Further, the Township Manager has targeted a 17% General Fund Reserve Balance. The Township’s reserve policy has a goal of maintaining the General Fund Reserve Balance in the range of 15% – 18% of the Township’s prior year general fund expenditures. 

While it is the Township Manager’s role to propose a budget each year, it is the responsibility of elected Township Commissioners to determine the amount of spending to authorize and to approve a final budget. 

We believe that a 12.7% real estate tax increase is an unaffordable, unsustainable and unacceptable outcome and implore the Township Commissioners to significantly reduce proposed 2011 general fund expenditures, to draw down the General Fund Reserve Balance to 15%, and to avoid much or all of the proposed real estate tax increase at this difficult economic time.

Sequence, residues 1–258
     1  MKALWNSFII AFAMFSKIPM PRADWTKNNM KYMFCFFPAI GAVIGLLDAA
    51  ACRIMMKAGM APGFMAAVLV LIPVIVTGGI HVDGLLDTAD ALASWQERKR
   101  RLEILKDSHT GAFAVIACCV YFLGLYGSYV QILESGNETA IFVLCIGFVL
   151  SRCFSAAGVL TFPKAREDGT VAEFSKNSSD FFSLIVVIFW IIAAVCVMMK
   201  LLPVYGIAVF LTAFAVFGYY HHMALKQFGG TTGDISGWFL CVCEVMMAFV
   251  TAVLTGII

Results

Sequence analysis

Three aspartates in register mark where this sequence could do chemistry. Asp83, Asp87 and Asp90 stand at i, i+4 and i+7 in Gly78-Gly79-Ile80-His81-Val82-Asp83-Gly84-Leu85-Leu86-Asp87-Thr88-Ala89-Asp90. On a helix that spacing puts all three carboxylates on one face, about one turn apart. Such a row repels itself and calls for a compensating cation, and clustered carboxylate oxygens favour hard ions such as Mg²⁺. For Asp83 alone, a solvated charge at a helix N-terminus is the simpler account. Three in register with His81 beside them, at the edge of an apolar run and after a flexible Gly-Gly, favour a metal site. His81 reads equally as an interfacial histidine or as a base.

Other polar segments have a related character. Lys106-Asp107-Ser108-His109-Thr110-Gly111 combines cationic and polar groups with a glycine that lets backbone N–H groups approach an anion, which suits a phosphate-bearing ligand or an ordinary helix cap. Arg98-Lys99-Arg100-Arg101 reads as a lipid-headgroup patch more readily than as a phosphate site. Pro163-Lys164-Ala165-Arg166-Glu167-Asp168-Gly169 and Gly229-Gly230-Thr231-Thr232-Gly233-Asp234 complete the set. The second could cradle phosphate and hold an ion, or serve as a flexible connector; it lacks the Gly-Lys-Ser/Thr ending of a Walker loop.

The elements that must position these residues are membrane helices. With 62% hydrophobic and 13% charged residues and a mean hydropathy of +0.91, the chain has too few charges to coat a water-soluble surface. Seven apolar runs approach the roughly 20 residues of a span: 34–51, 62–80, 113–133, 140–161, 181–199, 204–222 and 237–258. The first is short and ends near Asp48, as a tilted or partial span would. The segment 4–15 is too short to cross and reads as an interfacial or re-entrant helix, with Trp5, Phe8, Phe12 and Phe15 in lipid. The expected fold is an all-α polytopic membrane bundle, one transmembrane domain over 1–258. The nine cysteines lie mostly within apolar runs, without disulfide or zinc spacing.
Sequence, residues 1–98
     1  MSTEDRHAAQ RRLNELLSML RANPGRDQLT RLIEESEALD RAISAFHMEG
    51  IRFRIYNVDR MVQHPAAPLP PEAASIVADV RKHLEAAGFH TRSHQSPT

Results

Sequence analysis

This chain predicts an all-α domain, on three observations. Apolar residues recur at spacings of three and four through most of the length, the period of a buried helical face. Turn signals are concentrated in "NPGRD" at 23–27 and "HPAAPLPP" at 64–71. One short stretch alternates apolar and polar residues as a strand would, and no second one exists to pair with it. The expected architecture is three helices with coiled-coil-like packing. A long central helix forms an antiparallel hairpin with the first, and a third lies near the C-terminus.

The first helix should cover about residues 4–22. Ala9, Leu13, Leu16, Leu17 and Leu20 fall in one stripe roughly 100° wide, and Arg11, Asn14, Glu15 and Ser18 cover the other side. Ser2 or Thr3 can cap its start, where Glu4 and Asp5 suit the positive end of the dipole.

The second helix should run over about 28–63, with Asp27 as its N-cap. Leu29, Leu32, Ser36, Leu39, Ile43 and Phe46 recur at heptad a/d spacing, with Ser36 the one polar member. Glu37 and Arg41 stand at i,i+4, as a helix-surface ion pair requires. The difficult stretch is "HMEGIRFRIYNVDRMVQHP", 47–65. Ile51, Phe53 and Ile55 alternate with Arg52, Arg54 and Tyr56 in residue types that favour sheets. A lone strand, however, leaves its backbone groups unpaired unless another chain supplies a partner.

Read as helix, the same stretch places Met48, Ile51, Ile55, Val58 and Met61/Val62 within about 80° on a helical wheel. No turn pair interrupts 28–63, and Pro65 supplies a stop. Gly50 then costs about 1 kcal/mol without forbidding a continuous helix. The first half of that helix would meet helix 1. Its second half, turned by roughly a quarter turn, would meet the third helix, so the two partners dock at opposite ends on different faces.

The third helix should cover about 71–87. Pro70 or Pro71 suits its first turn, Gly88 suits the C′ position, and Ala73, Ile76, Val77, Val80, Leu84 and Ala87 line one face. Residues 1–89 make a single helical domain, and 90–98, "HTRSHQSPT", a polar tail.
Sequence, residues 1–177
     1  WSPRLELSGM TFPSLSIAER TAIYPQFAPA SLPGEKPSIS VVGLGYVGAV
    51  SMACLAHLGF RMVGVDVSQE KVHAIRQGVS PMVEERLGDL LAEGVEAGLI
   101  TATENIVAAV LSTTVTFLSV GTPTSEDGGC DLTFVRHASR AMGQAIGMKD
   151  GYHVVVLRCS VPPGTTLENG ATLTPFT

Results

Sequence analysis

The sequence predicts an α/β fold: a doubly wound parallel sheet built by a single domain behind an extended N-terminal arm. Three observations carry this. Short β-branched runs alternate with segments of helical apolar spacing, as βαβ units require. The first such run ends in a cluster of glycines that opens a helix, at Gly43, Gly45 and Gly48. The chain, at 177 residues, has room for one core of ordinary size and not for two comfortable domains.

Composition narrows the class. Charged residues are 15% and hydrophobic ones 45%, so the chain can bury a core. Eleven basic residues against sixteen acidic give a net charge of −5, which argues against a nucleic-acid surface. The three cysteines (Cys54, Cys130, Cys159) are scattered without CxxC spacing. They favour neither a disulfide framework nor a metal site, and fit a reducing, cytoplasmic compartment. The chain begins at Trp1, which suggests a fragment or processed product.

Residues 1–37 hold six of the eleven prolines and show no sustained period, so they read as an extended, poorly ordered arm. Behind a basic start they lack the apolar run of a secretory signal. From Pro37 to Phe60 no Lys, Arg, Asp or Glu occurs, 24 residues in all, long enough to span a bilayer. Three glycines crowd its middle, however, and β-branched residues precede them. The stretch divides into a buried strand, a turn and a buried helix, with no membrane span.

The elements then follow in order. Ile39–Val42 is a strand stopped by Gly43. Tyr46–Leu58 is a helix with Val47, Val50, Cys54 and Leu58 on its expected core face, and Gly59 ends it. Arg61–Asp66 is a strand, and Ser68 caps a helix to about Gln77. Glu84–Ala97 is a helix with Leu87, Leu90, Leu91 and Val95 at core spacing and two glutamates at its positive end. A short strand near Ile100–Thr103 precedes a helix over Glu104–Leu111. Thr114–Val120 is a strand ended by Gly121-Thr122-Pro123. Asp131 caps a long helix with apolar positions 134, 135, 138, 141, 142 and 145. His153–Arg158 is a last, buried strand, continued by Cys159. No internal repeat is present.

Sincerely, 

The Undersigned 

 

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Thank you to Save Ardmore Coalition

Save Ardmore Coalition, “working together for Lower Merion’s future” is a grassroots community organization that is dedicated to the revitalization of downtown Ardmore business district.  However, many of the blog contributors including Carla, are interested in communities beyond their own backyard, including Tredyffrin Township.  Carla has been following Mt. Pleasant’s neighborhood struggles and recently conducted a field trip to Mt. Pleasant to document the community. Her posting titled Visiting Mt. Pleasant: Another Small Neighborhood at Risk tells it all.  Carla’s Mt. Pleasant photos.

I am excited that the Save Ardmore Coalition has announced my Community Matters in Tredyffrin Township blog to their audience; click here for the announcement.  Communities helping communities is how we are going to make a difference! Thank you Save Ardmore Coalition for doing your part!